Old and New

It’s been exactly one year since I started this online writing endeavor. I have written somewhere north of 300,000 words in over 220 posts. I have hundreds of regular readers between this blog and the several newsletters and aggregators who repost these essays and stories, a fact that just boggles. These are people who are truly interested in what I have to say, many taking the time to write to me to discuss what I’ve thrown up online. I have made good friends all around the world through this blog. It is amazingly gratifying to see all this happen in just… one… year. I wish I would have done this decades ago! Best time to plant a tree and all that… but at least I finally started the conversation.

I didn’t actually intend for this to keep going indefinitely. Initially, I had planned on just covering one year of grounded living, focusing on home and garden and simplified living — with a side helping of story and poetry because that’s what I do. But around March or so, I noticed that it might be necessary to do some explaining of my position on several things. And then that just ballooned after I got settled into my new life and new home. In that transformative experience I found my voice, I suppose.

I also found that folks were interested in that voice. Though I don’t consider myself much of an original thinker — more of a very broad reader and do-er — I don’t see many other people synthesizing all this information the way I do. So maybe I am original in the weaving of ideas. I think that’s the geologist in me. We’re trained to hold huge amounts of often apparently conflicting data in our heads at once and make some sensical narrative out of it all. Makes for a mind that fairly quickly and efficiently cuts through noise to get to the root story. Also makes for a voice that unhesitatingly calls bullshit what it is. (Well, old age does that also…)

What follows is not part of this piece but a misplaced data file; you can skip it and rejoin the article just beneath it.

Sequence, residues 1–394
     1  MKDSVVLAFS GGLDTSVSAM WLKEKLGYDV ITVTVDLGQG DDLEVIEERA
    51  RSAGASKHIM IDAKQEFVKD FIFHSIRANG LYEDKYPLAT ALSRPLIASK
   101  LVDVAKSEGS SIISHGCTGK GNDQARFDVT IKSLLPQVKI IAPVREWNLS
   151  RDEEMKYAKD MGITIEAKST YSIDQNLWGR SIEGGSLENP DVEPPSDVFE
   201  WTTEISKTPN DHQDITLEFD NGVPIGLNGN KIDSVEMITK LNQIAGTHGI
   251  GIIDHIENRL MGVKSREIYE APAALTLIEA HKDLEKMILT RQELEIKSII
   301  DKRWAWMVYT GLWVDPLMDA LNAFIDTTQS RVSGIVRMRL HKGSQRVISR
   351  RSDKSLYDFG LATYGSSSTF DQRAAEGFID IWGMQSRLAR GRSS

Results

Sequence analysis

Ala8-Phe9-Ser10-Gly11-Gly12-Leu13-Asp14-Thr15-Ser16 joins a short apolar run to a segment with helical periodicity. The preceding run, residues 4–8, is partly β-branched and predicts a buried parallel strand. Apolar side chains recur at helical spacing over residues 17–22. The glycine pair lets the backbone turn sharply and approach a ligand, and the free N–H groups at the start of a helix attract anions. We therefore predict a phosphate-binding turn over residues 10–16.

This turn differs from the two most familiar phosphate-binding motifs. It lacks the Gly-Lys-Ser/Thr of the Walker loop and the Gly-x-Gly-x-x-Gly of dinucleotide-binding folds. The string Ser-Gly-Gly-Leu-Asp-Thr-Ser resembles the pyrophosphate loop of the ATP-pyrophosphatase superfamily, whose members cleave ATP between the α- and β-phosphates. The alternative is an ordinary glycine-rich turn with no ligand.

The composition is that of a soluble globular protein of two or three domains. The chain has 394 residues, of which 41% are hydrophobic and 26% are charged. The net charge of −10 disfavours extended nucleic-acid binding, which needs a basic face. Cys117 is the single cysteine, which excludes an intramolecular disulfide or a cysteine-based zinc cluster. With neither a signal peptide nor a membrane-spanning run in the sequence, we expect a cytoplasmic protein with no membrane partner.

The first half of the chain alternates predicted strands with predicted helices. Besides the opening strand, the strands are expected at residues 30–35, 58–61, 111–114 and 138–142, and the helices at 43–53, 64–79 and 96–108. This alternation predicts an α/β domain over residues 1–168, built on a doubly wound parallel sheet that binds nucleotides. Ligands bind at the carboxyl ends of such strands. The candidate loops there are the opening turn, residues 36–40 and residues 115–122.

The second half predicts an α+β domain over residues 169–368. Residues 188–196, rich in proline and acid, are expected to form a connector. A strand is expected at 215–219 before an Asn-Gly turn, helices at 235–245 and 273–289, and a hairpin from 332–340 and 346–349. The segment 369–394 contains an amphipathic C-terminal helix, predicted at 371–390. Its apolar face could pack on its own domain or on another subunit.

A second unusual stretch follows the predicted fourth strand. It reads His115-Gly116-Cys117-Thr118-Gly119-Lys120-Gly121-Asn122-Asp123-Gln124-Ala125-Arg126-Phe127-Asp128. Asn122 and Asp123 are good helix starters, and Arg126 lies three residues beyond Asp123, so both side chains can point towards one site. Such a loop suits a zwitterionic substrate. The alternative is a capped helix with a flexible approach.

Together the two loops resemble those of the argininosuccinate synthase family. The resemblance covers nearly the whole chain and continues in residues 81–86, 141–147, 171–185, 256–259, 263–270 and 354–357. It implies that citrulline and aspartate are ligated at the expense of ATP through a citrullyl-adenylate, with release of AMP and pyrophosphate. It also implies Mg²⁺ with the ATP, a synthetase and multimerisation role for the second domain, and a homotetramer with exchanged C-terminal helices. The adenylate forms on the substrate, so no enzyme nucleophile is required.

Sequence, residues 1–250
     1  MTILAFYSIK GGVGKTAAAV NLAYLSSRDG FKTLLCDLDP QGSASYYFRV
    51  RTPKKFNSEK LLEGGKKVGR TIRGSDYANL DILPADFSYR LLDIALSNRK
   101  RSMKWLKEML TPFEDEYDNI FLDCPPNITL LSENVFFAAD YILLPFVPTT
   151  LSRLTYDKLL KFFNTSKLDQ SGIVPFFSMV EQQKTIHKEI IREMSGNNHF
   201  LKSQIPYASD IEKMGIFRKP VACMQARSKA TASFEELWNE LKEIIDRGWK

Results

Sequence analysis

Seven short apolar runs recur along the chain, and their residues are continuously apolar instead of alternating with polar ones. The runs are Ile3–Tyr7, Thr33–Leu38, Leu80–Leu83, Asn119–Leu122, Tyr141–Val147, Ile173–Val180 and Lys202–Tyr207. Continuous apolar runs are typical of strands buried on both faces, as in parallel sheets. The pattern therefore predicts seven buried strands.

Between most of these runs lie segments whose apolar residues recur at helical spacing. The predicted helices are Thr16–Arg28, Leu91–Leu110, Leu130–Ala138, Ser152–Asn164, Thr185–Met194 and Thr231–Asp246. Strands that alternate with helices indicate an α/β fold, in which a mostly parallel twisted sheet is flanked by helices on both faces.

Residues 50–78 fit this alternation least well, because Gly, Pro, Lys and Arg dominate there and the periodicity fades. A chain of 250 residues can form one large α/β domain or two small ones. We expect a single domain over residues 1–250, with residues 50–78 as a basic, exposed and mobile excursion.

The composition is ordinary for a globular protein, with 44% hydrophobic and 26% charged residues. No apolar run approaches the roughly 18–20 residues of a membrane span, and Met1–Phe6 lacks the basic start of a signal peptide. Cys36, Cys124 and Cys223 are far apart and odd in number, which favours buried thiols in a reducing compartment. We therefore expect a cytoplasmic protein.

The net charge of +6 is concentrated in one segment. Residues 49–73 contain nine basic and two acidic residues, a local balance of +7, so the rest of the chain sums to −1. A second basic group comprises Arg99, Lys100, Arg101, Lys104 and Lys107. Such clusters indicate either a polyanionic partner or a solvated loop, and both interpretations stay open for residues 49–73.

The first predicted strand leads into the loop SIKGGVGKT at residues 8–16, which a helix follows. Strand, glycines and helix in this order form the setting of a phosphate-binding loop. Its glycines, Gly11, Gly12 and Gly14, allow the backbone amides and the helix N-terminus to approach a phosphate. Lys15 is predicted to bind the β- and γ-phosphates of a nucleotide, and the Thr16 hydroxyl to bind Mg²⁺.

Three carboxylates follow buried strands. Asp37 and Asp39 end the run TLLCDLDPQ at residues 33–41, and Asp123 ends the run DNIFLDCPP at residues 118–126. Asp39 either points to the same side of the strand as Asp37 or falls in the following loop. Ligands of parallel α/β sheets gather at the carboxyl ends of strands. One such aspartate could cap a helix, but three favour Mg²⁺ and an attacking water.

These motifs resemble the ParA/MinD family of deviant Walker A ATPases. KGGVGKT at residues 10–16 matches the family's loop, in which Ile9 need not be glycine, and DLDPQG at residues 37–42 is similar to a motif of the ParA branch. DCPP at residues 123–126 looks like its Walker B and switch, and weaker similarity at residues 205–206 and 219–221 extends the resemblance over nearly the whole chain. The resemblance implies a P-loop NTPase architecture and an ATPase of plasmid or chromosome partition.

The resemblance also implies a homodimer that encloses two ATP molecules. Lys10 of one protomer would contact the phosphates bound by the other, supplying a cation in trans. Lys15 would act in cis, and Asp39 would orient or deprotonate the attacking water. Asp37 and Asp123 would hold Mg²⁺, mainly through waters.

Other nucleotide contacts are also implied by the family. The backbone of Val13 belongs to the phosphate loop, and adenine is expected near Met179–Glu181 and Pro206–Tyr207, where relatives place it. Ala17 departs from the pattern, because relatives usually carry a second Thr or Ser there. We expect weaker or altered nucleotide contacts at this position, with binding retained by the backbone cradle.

So maybe, I thought, I should keep saying what I think and see what others think about that. And here we are. I think I have more to say than one year of posts. In any case, I haven’t even finished with that part. There is so much more to talk about in the garden and the weather and the home and the seasons. I haven’t even built the new chicken run yet. How can I stop writing now!

Plus the wonderful thing about living is that it is not just a circle. It is a spiral… or something even more complex that probably doesn’t fit in three dimensions. There are annual resonances, but nothing is ever the same twice. There’s always something novel to write about — particularly in this time of rapid change, both in my own life and in the world. Human cultures are changing radically (and not all for the worse, doomies notwithstanding), and our planet is changing radically in response to us (this might actually be all for the worse in the short term… but better in Earth time). I can’t not write all this down as it happens and try to make a story out of it that my grandchildren might enjoy.

So further up and further in, folks!

Radiant point for the Quadrantid meteor shower. Illustration from EarthSky.org

Tonight is a resonance that is completely new. New year, new moon, but recurring night sky event from a very old source. Tonight the astonishing Quadrantid meteor shower falls on a night when the Wolf Moon is a brand new crescent that sets just after the sun. This shower has a mysterious parent that may be an asteroid, an old rocky body left over from the formation of the solar system. It may also be a comet, but if so, it’s one that doesn’t come round these parts very often. We haven’t clearly identified it yet anyway.

The Quadrantid shower can produce dozens of falling stars in an hour, including some spectacular fireballs. The downside of this one is that it lasts just a few hours. There may be meteors associated with it from Boxing Day to mid-January, but the rain of light really only happens a couple hours on either side of peak on January 3rd. Normally, this shower peaks in the predawn skies, but this year there are experts saying that we may see peak occur at 8:40UTC, or 3:40 pm EST. The radiant point will not be very high, but that might actually help because it will be opposite the sun.

For those in Europe it ought to be amazing and will require nothing more than cloud-free northern skies — won’t even interfere with sleep! For me, if the prediction holds true (and it may or it may not…), the peak will coincide with sunset. It’s not completely dark, but twilight starts before sunset here and full dark rather crashes down as soon as the sun clears the western horizon (4:20 pm here). Furthermore, this shower radiates from the northeast, between the constellations Boötes and Draco, where it gets darker the soonest. So I may miss the first part of the show, but if the clouds hold off (yeah…) I’ll get to see a night sky ablaze with cosmic dust plowing through our atmosphere.

Now, this isn’t to say that those who live west of here are going to miss out. The peak could happen anywhere from predawn on the 2nd to predawn on the 4th. Go out on the 3rd and look for falling stars. You may just happen onto the shower.

Because that’s how fortune falls.

©Elizabeth Anker 2022